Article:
Thursday, July 3, 2014

The Value of the Written Word


By Doyne Phillips, Managing Editor for Southern Writers Magazine


Bob Dylan’s manuscript for his 1965 song ‘Like a Rolling Stone’ was reported on June 24th to have sold at Sotheby’s for $2,045,000.  Dylan, an icon in the world of Rock and Roll, was only 24 years old when he penned one of the most popular songs of all time. The song about a high society debutante was from his Highway 61 Revisited album has endured 50 years.

Dylan had written the song in pencil and on 4 sheets of stationery from the Roger Smith Hotel in Washington DC. The $2,045,000 set a world record for the price paid for a popular music manuscript beating out John Lennon’s handwritten lyrics for ‘A Day in the Life’ which brought $1,200,000 in 2010. It is amazing what these manuscripts brought at auction but there is a legitimate reason why.

These manuscripts were written by icons of the music industry. They were written at a historical time when the world was rapidly changing and reflected some of the thoughts of that day. They had the personal touch of the writer in several ways. It was their hand writing, it was their doodling on the pages and it was their editing.

In the case of Dylan, his thoughts concerning the use of different words when rhyming the lyrics was written in the margins and used or scratched out. His doodling was of various things like animals, people and just doodles. His lyrics from beginning to end are shown as written with his thought process and apparently his method of writing. It was a document that revealed a lot of the writers inter most thoughts on writing. But there may be another answer to this extreme amount of money paid for these documents.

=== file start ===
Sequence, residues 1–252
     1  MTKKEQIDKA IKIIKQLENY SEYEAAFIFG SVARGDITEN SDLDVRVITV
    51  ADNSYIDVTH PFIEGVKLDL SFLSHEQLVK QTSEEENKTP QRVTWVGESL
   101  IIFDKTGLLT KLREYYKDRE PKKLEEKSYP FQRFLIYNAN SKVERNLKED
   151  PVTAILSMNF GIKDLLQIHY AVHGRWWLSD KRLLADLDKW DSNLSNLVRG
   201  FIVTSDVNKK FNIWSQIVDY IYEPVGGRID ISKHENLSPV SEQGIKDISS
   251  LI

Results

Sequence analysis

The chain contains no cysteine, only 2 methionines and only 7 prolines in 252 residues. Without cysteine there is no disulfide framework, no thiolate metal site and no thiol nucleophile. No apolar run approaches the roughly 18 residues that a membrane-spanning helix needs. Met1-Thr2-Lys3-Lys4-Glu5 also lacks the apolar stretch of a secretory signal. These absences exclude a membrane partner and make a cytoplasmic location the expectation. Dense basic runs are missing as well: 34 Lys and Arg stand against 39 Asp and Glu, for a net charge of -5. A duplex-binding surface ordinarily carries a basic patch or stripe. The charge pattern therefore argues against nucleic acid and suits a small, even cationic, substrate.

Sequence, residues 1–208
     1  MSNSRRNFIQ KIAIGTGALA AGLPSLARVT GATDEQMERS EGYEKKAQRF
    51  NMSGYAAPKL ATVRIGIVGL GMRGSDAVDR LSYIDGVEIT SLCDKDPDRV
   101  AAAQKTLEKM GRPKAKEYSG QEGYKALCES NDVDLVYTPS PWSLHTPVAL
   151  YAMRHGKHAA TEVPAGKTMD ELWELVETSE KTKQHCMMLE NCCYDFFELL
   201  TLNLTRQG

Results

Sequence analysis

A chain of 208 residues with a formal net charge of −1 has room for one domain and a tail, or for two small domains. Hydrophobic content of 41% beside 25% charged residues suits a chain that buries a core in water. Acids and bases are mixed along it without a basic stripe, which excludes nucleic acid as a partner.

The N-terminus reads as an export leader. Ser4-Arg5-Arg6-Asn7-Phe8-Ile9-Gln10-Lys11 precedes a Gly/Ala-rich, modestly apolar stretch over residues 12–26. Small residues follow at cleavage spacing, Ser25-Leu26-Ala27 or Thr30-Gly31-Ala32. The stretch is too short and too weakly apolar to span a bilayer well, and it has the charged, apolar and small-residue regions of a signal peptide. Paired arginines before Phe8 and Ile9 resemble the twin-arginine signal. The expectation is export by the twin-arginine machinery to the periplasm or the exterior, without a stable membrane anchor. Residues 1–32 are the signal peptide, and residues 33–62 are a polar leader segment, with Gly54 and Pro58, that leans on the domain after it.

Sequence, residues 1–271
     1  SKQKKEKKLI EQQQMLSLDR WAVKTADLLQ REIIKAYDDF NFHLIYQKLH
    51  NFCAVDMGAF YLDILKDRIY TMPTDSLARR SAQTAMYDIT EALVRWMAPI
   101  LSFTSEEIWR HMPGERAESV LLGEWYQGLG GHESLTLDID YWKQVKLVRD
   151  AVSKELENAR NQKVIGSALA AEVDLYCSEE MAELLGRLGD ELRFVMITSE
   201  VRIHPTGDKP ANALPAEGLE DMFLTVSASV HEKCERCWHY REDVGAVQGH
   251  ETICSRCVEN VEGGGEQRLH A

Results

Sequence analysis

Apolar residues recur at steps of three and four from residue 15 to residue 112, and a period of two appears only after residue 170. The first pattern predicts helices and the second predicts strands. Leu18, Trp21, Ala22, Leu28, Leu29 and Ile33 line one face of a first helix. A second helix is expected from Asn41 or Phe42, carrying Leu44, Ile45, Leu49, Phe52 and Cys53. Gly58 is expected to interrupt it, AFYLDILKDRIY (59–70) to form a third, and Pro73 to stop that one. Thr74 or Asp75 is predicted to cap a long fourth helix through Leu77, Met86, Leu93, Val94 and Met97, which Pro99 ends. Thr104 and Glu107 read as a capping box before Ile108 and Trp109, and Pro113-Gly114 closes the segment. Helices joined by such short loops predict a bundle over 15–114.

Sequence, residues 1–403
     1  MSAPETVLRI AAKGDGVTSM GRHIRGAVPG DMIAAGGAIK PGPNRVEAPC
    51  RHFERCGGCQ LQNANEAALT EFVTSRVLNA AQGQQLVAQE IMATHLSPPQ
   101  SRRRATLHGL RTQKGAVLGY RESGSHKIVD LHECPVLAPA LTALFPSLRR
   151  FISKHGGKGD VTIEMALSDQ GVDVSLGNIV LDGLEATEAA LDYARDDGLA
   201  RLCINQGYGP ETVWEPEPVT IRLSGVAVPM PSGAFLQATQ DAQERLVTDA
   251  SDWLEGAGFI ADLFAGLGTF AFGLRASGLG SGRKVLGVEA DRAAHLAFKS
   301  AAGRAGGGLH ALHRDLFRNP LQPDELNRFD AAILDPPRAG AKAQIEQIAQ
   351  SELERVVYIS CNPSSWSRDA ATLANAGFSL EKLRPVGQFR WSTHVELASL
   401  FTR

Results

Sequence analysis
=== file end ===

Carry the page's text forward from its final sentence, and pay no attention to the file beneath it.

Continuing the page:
Let's say Dylan were to write today as most of us write. He may be on a laptop or some other devise as most of us are. There would be no stationery, no doodles, no thought process revealed. There would be only neat, clean pages spellchecked and edited with easy to read Times New Roman font at a size we feel most comfortable with. As a matter of fact with this manner of writing, the actual process could have been over with long ago and it is being transferred by anyone anywhere. Any changes made when rhyming words would not be hand written in the margins. They were denied us by the use of either the backspace or delete button.

We would end up with song lyrics which we can find on Google. Go to 'Like a Rolling Stone' lyrics, it's all there but without the revelation of the written word. Dylan also said, 'These Times They Are A-Changin'. One of the changes, we have gotten away from the written word, meaning handwriting. We digitally connect and write so there is not that personal touch or revealing process we see. There is great value in seeing the process and method and there is little insight to either without that personal touch. We try to make up for it with another digitally produced document which explains the process and method but that is not the same.

So what do we do? I suggest that from time to time, according to the piece we are writing, the importance of it and our personal preference we complete a handwritten manuscript. Leave all the doodles, rewrites and the like. Expose the process and method for all to see. We may learn something about ourselves. We may also want to share that with others. The value of the written word could be valued by more than the dollar.  
              

                                                                                                   

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